None of us can completely check our personality at the door, so we tend to bring our habits, good and bad, into the workplace with us. We can be supplicative, combative, competitive, or cooperative.
Have you heard the saying, “A comfort zone is a beautiful place, but nothing ever grows there”? It can be difficult to shake the anxiety that often goes with doing things we’re not used to or comfortable with, precisely because we have either little or poor experience with whatever is outside our comfort zone.
Monday, 07 January 2013 Posted by Christopher Lihzis
In order to clarify your intentions, goals, and objectives when it comes to employee recruiting and retention in 2013, ask yourself these questions:
Wednesday, 01 August 2012 Posted by Christopher Lihzis
in Share242 If you feel overwhelmed you may need to rethink how you use your time. Here are seven ways you may be wasting time without even realizing it.
Thursday, 05 July 2012 Posted by Christopher Lihzis
Performance within groups typically does not just happen. For a group to really perform well, it needs practice. The group needs to understand the best way to organize itself for performance. This concept is commonly understood by sports teams and the military. They clearly see the need to give groups opportunities to practice. Boot Camp for the military and pre-season workouts for sports teams are the norm. It’s interesting to note in business that there is far less interest or appreciation of group development and the need for practice. Team practice, for the most part, is not factored into the business or corporate world. We form groups in business and march them into the corporate battle zone expecting them to perform and when they fail we are surprised.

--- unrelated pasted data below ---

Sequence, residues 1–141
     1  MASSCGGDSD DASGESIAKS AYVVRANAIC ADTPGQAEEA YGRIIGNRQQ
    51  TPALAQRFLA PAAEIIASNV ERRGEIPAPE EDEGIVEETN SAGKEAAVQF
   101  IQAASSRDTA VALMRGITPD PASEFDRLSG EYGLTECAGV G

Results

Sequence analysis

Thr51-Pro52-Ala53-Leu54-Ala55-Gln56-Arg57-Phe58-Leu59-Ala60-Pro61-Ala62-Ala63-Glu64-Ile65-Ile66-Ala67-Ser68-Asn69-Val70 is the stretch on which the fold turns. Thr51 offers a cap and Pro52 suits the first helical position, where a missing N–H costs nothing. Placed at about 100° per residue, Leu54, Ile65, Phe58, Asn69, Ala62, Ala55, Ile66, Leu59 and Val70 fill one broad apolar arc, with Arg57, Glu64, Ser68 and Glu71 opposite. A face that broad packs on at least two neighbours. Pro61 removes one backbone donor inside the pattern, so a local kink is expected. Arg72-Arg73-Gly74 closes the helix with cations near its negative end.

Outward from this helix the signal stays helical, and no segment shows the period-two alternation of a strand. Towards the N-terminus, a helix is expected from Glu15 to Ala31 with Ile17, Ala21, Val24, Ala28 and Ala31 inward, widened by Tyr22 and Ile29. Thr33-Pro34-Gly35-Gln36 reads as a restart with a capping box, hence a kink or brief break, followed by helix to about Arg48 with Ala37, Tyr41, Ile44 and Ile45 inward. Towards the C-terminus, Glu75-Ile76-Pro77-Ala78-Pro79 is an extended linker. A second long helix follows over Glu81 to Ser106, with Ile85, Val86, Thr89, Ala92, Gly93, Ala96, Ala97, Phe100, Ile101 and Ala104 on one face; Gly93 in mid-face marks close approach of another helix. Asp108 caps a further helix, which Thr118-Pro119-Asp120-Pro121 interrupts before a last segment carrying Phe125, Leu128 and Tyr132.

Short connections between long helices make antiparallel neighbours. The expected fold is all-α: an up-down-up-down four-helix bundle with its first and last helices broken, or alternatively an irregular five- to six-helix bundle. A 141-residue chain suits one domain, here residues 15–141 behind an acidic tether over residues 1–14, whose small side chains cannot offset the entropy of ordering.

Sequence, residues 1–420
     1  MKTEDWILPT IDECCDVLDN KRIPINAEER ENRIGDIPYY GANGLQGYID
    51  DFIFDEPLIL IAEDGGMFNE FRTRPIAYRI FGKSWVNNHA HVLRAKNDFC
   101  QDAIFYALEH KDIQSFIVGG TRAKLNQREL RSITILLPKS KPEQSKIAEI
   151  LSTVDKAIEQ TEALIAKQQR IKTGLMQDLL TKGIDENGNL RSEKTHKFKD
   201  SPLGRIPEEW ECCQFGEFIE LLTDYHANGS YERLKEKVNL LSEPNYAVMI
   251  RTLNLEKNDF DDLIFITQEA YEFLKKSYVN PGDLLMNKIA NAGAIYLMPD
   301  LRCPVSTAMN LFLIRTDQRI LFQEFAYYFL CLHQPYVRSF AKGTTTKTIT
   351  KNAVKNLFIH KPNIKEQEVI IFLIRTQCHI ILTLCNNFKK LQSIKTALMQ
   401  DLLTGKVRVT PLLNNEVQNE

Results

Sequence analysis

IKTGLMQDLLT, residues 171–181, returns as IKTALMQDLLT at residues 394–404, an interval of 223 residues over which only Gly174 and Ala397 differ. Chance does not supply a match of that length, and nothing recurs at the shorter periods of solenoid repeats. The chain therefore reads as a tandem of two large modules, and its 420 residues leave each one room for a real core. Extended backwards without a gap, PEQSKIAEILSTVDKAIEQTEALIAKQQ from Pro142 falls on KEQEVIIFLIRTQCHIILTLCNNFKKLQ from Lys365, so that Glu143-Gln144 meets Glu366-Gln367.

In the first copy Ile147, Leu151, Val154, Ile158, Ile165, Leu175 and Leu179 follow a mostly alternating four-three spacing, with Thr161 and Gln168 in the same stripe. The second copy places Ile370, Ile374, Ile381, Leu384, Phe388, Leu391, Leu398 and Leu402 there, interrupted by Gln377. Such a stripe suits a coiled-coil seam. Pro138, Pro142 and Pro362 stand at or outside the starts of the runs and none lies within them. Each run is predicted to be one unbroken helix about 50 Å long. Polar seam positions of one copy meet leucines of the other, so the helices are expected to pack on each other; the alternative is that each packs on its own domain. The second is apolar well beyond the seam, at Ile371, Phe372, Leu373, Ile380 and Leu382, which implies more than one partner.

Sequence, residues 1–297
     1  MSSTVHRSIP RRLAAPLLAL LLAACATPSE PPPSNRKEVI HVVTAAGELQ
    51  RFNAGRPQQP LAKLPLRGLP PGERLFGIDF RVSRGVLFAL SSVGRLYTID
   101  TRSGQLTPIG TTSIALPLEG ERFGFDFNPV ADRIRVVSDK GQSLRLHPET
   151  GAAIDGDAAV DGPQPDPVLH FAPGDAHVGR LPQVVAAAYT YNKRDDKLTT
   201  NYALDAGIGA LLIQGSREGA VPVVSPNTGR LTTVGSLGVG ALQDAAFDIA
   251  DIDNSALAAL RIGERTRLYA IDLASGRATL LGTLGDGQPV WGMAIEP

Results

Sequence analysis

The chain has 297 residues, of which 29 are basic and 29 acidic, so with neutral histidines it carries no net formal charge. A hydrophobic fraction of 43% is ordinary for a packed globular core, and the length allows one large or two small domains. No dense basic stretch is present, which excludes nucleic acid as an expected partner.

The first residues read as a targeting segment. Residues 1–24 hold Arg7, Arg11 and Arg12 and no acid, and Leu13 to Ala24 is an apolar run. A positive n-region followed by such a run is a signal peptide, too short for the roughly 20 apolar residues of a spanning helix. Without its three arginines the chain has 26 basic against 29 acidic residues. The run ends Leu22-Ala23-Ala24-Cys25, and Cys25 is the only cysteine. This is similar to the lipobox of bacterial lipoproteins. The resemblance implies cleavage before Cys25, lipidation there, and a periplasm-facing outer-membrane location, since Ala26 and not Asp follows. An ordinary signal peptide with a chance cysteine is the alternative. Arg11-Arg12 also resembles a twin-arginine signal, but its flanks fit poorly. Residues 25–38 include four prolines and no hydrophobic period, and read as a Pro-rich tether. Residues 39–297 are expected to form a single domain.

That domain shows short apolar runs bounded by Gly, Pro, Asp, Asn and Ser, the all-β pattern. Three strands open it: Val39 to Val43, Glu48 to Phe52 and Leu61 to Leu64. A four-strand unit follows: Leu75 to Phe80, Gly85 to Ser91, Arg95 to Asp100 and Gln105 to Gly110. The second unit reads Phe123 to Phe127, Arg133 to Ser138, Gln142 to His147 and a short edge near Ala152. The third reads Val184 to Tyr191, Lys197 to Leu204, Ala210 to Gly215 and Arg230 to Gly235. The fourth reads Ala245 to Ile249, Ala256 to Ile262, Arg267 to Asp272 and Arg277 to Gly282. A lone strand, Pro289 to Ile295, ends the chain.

Wednesday, 06 June 2012 Posted by Christopher Lihzis
Small business owners understandably may be reluctant to use non-compete agreements for many reasons. The desire to divert precious resources to paying an attorney to prepare a contract is hardly appealing. Similarly, businesses may feel that such agreements are unnecessary because they have few employees. But as Ben Franklin once wisely advised, an ounce of prevention is worth a pound of cure.
Wednesday, 23 May 2012 Posted by Christopher Lihzis
Have you ever provided suggestions which were subsequently ignored? Have you ever provided critiques which were not well received? Have you ever wanted to provide constructive feedback on something, but held back from doing so because you did not know how to convey your intentions across? Today’s guide is on how to give constructive criticism to someone. Whether at work or in relationships, sharing (and receiving) feedback is part and parcel of improvement. If you have ideas on how someone can improve, don’t hold your ideas back – rather, share them in a constructive manner. (Provided the subject is something the person has asked to receive feedback on. Otherwise, you are merely imposing your judgment on others.)